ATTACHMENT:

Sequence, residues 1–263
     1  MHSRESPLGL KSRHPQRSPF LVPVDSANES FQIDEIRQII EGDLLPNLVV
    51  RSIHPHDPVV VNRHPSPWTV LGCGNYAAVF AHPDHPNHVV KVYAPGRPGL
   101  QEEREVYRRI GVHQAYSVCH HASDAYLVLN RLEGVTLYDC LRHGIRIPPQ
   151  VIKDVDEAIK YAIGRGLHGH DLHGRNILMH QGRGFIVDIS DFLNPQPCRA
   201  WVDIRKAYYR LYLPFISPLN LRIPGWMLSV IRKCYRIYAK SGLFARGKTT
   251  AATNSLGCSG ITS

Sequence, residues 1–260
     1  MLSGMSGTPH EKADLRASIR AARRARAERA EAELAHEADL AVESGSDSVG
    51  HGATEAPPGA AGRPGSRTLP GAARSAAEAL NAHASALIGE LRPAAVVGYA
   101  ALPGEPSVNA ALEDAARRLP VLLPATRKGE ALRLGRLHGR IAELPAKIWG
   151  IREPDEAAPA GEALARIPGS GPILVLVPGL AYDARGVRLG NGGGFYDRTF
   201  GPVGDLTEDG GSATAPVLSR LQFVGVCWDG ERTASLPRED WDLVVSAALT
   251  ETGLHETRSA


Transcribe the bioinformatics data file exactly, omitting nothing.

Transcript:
Sequence, residues 1–263
     1  MHSRESPLGL KSRHPQRSPF LVPVDSANES FQIDEIRQII EGDLLPNLVV
    51  RSIHPHDPVV VNRHPSPWTV LGCGNYAAVF AHPDHPNHVV KVYAPGRPGL
   101  QEEREVYRRI GVHQAYSVCH HASDAYLVLN RLEGVTLYDC LRHGIRIPPQ
   151  VIKDVDEAIK YAIGRGLHGH DLHGRNILMH QGRGFIVDIS DFLNPQPCRA
   201  WVDIRKAYYR LYLPFISPLN LRIPGWMLSV IRKCYRIYAK SGLFARGKTT
   251  AATNSLGCSG ITS

Sequence, residues 1–260
     1  MLSGMSGTPH EKADLRASIR AARRARAERA EAELAHEADL AVESGSDSVG
    51  HGATEAPPGA AGRPGSRTLP GAARSAAEAL NAHASALIGE LRPAAVVGYA
   101  ALPGEPSVNA ALEDAARRLP VLLPATRKGE ALRLGRLHGR IAELPAKIWG
   151  IREPDEAAPA GEALARIPGS GPILVLVPGL AYDARGVRLG NGGGFYDRTF
   201  GPVGDLTEDG GSATAPVLSR LQFVGVCWDG ERTASLPRED WDLVVSAALT
   251  ETGLHETRSA